On Friday 12 October, we began at 11.183 (‘You horrid thing‘) and read 17 lines.
- The exchange between Misses Douce and Kennedy, which centres around the comment ‘you horrid thing’, is more complex than it first seems. ‘Horrid’ appears to have a peculiarly English inflection, which made us wonder how it came into their vocabulary: through music hall song? Does it recall a comic opera stage direction? The tone of Miss Kennedy’s remark is one of mock-protestation rather than genuine rebuke, but perhaps the tone of ‘horrid’ changes a little when it is repeated; what the repetition in brackets does do well, though, is indicate the simultaneity of the episode.
- What, precisely, is the distinction between a ‘flush’ and a ‘blush’? Characters do both throughout the novel, and we traced some of the similar instances of these words, especially in ‘Nausicaa’. Is there a distinction to draw between between emotional and intellectual responses to the situation? While there are blushes and flushes throughout Joyce’s work, it is rare that we see a flush recede, as here (‘flushed less, still less’).
- Just at the point when we think we’ve got the colours of their hair clarified, Joyce sets down another puzzle. Does ‘more goldenly’ mean ‘more like herself’ (but we know so little of either of them, really) or is the light in some way accentuating the colour of her hair against her skin? Does this mean she’s moved and her relationship with the light in the space is different?
- We spotted a Gabler oversight at the last session, in an inconsistent spelling of ‘greaseabloom’. In this session, we again discussed this inconsistency, and noted that the second instance is capitalised in both cases. Another name, Ceppi, is also worth commenting on: Ceppi is not Italian, as one might assume, but Swiss. The family had been in Dublin since the nineteenth century and sold picture frames, looking glasses and statues: with this information, the phrase ‘bright of their oils’ takes on a range of possible meanings. Is Joyce setting us a reader trap, or is he himself unsure of the details?
- From Ceppi to Nannetti to Bloom. ‘Wheedling’ isn’t the most positive term, and, recognising that he too is without an office, Bloom’s thoughts appear to be going somewhere he doesn’t want them to. ‘Doors’ might be religious as well as secular; the gist of Bloom’s thinking on religion, then, is that it pays.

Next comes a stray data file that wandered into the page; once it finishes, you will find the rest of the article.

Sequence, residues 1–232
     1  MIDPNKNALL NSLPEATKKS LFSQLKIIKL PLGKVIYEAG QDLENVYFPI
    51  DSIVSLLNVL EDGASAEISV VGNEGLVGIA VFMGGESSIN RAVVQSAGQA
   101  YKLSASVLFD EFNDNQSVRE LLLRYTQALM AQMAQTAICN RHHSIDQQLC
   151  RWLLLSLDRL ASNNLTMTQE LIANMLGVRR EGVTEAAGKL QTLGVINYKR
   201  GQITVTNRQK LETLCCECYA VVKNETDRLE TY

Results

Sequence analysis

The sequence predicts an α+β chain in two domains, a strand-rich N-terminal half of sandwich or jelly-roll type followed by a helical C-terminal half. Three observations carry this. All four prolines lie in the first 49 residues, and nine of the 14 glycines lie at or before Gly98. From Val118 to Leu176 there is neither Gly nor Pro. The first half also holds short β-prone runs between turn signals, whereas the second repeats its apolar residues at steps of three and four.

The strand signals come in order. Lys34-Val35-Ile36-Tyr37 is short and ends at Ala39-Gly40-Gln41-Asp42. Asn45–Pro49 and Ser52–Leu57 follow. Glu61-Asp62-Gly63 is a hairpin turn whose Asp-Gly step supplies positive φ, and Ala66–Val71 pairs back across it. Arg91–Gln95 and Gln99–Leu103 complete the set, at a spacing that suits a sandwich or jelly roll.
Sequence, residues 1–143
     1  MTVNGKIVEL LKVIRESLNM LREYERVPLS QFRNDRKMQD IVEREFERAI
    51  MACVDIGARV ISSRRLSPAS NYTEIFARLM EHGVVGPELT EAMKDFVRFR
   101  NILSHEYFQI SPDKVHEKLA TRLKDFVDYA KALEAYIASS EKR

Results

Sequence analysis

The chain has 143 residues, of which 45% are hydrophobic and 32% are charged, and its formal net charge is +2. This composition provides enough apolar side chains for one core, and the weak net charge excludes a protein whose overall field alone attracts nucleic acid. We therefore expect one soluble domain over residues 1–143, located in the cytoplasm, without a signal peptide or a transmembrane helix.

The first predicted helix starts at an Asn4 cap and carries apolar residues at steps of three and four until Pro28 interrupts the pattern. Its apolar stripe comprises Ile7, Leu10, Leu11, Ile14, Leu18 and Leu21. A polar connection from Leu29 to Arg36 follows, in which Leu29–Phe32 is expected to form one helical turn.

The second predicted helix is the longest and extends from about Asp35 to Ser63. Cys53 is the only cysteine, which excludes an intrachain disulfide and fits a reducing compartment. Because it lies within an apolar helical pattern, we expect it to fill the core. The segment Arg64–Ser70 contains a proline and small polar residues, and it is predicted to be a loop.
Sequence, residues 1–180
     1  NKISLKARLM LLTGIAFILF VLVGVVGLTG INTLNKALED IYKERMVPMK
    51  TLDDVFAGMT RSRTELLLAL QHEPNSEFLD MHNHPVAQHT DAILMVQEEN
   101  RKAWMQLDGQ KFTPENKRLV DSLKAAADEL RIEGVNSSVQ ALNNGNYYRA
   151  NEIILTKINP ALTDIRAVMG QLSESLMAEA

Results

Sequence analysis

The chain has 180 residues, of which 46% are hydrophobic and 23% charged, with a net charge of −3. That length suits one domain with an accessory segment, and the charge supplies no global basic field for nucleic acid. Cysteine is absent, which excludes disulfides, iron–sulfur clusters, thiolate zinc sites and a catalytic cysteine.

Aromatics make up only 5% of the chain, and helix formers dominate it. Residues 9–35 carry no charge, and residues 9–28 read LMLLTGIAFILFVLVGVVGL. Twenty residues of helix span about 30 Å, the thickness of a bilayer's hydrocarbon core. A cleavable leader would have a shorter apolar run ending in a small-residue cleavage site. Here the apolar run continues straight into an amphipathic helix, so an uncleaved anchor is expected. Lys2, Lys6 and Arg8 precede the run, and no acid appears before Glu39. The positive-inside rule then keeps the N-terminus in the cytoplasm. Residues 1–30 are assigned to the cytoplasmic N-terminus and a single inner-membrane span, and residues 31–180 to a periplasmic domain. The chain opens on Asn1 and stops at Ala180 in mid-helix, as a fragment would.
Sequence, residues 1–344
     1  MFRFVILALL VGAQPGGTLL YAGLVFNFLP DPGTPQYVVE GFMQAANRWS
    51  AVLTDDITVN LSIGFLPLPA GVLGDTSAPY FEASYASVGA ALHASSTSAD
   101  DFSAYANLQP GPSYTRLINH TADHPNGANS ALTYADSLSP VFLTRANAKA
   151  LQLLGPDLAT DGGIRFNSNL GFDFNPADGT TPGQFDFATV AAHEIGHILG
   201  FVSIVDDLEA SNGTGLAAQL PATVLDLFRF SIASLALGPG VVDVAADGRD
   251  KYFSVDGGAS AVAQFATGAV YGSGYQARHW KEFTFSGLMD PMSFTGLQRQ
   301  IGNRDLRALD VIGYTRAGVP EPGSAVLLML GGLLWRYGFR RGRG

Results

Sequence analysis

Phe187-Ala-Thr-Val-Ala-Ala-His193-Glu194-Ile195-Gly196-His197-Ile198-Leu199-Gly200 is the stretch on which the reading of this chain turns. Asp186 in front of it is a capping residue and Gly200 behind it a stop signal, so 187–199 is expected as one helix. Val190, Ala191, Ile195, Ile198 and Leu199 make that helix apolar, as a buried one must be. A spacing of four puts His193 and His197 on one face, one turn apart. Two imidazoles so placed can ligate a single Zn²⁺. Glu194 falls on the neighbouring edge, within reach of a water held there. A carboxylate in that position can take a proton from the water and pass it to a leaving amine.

- Then follows a series of seventeen monosyllabic words, notable also for including five iambic pentameter constructions. We sensed here a touch of the recitative opera and thought for a while about Joyce’s (and Bloom’s) familiarity with this form, and its relevance to this episode particularly. Again, Bloom appears to stop himself from thinking unwanted thoughts: what does he want? What is the unspoken thought between ‘I want’ and ‘not yet’? ‘Want’ here may of course suggest ‘lack’ rather than ‘desire’. This section invited us to consider the plotting of Ulysses as a whole and to this end we discussed Peter Kuch’s recently published Irish Divorce/Joyce’s Ulysses (a review by the Irish Times here), in which he suggests that Bloom allows the affair to happen – to drag on, even (‘not yet … not yet’) – so that he has reason to divorce Molly. In an extremely uncharacteristic moment for the Charles Peake group, we spent some time away from the line in question and pondered various aspects of the divorce process in Ireland in Joyce’s time. At this point, it is worth noting that all this Bloom material was added in a later draft: he interrupts the sirens.
- What is the significance of The Clarence and/or The Dolphin? Why doesn’t Joyce make Bloom think about the Ormond in this moment? We discussed the distinctions between pubs and hotels, between wet and dry institutions, and the corresponding social hierarchies therein.
- In strolls Simon Dedalus! We compared his rocky thumbnails with Bloom’s attention to his own nails in ‘Hades’ (when he and Simon share the ride in the funeral carriage and see Boylan out the window). He flirts with Miss Douce, apparently harmlessly, though he holds on to her hand for an uncomfortably long time until she pulls it away. The seminar ended with a discussion of the significance of Rostrevor as a location to take a holiday. Some wondered if it really is the kind of place to take a vacation; others read this word as a gloss for ‘free time spent with family, hardly unusual for a single woman’. We noticed the shell she brings back, which made us wonder where exactly in Rostrevor she’s been, and which reinforces the presence of the Homeric sirens. We discussed whether she had indeed been on the coast and might, therefore, be considered a ‘seaside girl’ in the manner of Gerty. This brief mention of a shell, then, arguably does some heavy lifting in painting a picture of Miss Douce as an attractive and desirable woman, showing her flesh to ‘poor simple males’.
Is it really sunny enough to get a suntan in Rostrevor? We wonder, and hope to find out at our next session. We start again on 02 November at line 200 (‘bronze whiteness’).